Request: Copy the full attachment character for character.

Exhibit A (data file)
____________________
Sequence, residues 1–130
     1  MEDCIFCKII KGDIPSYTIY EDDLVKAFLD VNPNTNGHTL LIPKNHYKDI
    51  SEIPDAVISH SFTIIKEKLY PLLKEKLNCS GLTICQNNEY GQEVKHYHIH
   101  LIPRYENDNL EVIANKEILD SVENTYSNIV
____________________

Sequence, residues 1–130
     1  MEDCIFCKII KGDIPSYTIY EDDLVKAFLD VNPNTNGHTL LIPKNHYKDI
    51  SEIPDAVISH SFTIIKEKLY PLLKEKLNCS GLTICQNNEY GQEVKHYHIH
   101  LIPRYENDNL EVIANKEILD SVENTYSNIV